Because disrupted sleep is a significant contributor to fatigue, a diagnostic evaluation considers the quality of sleep, the emotional state of the person, sleep pattern, and stress level. The amount of sleep, the hours that are set aside for sleep, and the number of times that a person awakens during the night are important. A sleep study may be ordered to rule out a sleep disorder.

Depression and other psychological conditions can produce fatigue, so people who report fatigue are routinely screened for these conditions, along with drug abuse, poor diet, and lack of physical exercise, which paradoxically increases fatigue.

Basic medical tests may be performed to rule out common causes of fatigue. These include blood tests to check for infection or anemia, a urinalysis to look for signs of liver disease or diabetes mellitus, and other tests to check for kidney and liver function, such as a comprehensive metabolic panel.[7] Other tests may be chosen depending on the patient's social history, such as an HIV test or pregnancy test.

Perception of fatigueEdit

The sense of fatigue is believed to originate in the reticular activating system of the lower brain. Musculoskeletal structures may have co-evolved with appropriate brain structures so that the complete unit functions together in a constructive and adaptive fashion.[8] The entire systems of muscles, joints, and proprioceptive and kinesthetic functions plus parts of the brain evolve and function together in a unitary way.[9]

See also Edit

Notes Edit

  1. Gandevia SC (1992). "Some central and peripheral factors affecting human motoneuronal output in neuromuscular fatigue". Sports medicine (Auckland, N.Z.) 13 (2): 93–8. doi:10.2165/00007256-199213020-00004. PMID 1561512.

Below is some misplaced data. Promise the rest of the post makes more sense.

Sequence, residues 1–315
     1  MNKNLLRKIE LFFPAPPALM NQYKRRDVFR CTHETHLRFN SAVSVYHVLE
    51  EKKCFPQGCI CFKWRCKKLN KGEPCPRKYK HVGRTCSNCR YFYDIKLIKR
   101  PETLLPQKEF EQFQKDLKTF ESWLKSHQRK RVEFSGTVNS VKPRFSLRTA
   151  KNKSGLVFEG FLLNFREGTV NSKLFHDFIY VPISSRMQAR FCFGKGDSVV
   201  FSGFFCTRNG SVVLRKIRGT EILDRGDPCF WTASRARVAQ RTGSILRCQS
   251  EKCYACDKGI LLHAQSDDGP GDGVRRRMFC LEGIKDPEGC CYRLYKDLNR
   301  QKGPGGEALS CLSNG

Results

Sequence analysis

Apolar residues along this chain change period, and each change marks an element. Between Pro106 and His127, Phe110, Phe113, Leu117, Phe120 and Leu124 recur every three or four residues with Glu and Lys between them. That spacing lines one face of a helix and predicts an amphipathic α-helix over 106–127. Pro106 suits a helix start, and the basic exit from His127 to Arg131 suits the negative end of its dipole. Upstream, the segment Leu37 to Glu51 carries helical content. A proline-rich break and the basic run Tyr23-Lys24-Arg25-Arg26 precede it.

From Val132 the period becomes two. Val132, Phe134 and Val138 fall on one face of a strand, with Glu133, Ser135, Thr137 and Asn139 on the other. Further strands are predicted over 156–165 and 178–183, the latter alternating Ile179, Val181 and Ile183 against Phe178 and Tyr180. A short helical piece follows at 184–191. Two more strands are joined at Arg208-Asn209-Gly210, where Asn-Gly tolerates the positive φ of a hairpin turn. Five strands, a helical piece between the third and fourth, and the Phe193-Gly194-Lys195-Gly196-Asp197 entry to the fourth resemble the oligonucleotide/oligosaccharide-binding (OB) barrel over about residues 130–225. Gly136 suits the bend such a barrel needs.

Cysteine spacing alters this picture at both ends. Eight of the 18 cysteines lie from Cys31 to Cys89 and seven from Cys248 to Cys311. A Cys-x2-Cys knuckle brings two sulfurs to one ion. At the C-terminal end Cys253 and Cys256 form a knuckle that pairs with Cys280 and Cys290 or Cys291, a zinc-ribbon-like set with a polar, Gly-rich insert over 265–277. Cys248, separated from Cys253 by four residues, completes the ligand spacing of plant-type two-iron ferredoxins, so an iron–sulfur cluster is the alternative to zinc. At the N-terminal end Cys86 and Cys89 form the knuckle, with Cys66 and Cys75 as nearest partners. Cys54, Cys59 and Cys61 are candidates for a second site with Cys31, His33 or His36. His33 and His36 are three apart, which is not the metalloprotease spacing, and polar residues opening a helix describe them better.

2. Hagberg M (1981). "Muscular endurance and surface electromyogram in isometric and dynamic exercise". Journal of applied physiology: respiratory, environmental and exercise physiology 51 (1): 1–7. PMID 7263402.
  3. Hawley JA, Reilly T (1997). "Fatigue revisited". Journal of sports sciences 15 (3): 245–6. doi:10.1080/026404197367245. PMID 9232549.
  4. Berrios GE (1990). "Feelings of fatigue and psychopathology: a conceptual history". Compr Psychiatry 31 (2): 140–51. doi:10.1016/0010-440X(90)90018-N. PMID 2178863. http://linkinghub.elsevier.com/retrieve/pii/0010-440X(90)90018-N.
  5. AJ Giannini Fatigue,Chronic. In RB Taylor Difficult Diagnosis--2. Philadelphia, WB Saunders Co.,1992,pg 156. ISBN 0-7216-3481-8
  6. Nijrolder I, van der Windt D, de Vries H, van der Horst H (November 2009). "Diagnoses during follow-up of patients presenting with fatigue in primary care". CMAJ 181 (10): 683–7. doi:10.1503/cmaj.090647. PMC 2774363. PMID 19858240. http://www.cmaj.ca/cgi/pmidlookup?view=long&pmid=19858240.
  7. EMedicine Health. "Fatigue Exams and tests" 2010-01-25.
  8. Edelman, Gerald Maurice (1989). The remembered present: a biological theory of consciousness. New York: Basic Books. ISBN 0-465-06910-X.
  9. Kelso, J. A. Scott (1995). Dynamic patterns: the self-organization of brain and behavior. Cambridge, Mass: MIT Press. ISBN 0-262-61131-7.

References Edit

  • Gandevia SC (1992). "Some central and peripheral factors affecting human motoneuronal output in neuromuscular fatigue". Sports medicine (Auckland, N.Z.) 13 (2): 93–8. doi:10.2165/00007256-199213020-00004. PMID 1561512.
  • Hagberg M (1981). "Muscular endurance and surface electromyogram in isometric and dynamic exercise". Journal of applied physiology: respiratory, environmental and exercise physiology 51 (1): 1–7. PMID 7263402.
  • Hawley JA, Reilly T (1997). "Fatigue revisited". Journal of sports sciences 15 (3): 245–6. doi:10.1080/026404197367245. PMID 9232549.
  • Edelman, Gerald Maurice (1989). The remembered present: a biological theory of consciousness. New York: Basic Books. ISBN 0-465-06910-X.
  • Kelso, J. A. Scott (1995). Dynamic patterns: the self-organization of brain and behavior. Cambridge, Mass: MIT Press. ISBN 0-262-61131-7.
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External links Edit